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Remaining Useful Life Prediction from 3D Scan Data with Genetically Optimized Convolutional Neural Networks

IMM—Institute for Microelectronics and Microsystems, National Research Council of Italy, 73100 Lecce, Italy
Author to whom correspondence should be addressed.
Sensors 2021, 21(20), 6772;
Submission received: 11 August 2021 / Revised: 1 October 2021 / Accepted: 7 October 2021 / Published: 12 October 2021
(This article belongs to the Special Issue Artificial Intelligence for Fault Diagnostics and Prognostics)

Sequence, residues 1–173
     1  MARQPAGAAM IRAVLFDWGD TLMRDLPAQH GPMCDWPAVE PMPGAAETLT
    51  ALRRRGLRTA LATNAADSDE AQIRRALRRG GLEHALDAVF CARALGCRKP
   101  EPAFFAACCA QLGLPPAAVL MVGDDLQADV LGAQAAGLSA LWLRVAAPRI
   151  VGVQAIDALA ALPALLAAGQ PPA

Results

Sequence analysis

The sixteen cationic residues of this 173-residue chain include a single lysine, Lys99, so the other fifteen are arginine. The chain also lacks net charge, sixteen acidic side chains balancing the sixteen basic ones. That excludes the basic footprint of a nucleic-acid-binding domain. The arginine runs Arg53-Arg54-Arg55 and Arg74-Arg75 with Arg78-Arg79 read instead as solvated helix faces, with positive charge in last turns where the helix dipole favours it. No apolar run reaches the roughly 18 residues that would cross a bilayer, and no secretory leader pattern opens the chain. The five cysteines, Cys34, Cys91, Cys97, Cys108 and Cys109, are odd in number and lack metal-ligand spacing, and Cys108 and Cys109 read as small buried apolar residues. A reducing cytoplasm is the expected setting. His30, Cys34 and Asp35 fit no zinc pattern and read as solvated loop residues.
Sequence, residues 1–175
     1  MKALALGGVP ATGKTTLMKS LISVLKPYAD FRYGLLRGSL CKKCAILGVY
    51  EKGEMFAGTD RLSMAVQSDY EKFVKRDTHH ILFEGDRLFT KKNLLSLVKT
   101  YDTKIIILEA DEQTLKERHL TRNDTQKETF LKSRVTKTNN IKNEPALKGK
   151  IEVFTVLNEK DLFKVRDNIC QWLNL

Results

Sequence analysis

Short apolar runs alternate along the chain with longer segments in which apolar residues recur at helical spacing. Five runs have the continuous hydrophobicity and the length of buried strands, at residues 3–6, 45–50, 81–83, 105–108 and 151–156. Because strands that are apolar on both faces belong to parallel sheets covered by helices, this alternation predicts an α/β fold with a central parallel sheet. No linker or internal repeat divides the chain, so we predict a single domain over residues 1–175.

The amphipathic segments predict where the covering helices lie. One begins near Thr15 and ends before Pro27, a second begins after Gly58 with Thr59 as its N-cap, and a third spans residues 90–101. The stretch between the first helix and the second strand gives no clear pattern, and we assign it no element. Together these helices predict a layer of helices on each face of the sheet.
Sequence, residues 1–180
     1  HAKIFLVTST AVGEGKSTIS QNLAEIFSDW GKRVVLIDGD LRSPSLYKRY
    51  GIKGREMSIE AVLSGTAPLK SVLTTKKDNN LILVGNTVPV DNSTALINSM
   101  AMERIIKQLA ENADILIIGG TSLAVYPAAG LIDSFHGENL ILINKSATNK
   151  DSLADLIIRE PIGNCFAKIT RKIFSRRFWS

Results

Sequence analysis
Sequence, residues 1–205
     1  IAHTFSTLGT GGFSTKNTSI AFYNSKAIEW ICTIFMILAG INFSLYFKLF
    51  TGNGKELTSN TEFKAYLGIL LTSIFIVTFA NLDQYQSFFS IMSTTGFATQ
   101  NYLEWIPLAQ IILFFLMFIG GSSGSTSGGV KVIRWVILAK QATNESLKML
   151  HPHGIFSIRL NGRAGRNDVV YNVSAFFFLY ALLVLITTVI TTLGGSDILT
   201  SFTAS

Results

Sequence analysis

In the current industrial landscape, increasingly pervaded by technological innovations, the adoption of optimized strategies for asset management is becoming a critical key success factor. Among the various strategies available, the “Prognostics and Health Management” strategy is able to support maintenance management decisions more accurately, through continuous monitoring of equipment health and “Remaining Useful Life” forecasting. In the present study, convolutional neural network-based deep neural network techniques are investigated for the remaining useful life prediction of a punch tool, whose degradation is caused by working surface deformations during the machining process. Surface deformation is determined using a 3D scanning sensor capable of returning point clouds with micrometric accuracy during the operation of the punching machine, avoiding both downtime and human intervention. The 3D point clouds thus obtained are transformed into bidimensional image-type maps, i.e., maps of depths and normal vectors, to fully exploit the potential of convolutional neural networks for extracting features. Such maps are then processed by comparing 15 genetically optimized architectures with the transfer learning of 19 pretrained models, using a classic machine learning approach, i.e., support vector regression, as a benchmark. The achieved results clearly show that, in this specific case, optimized architectures provide performance far superior (MAPE = 0.058) to that of transfer learning, which, instead, remains at a lower or slightly higher level (MAPE = 0.416) than support vector regression (MAPE = 0.857).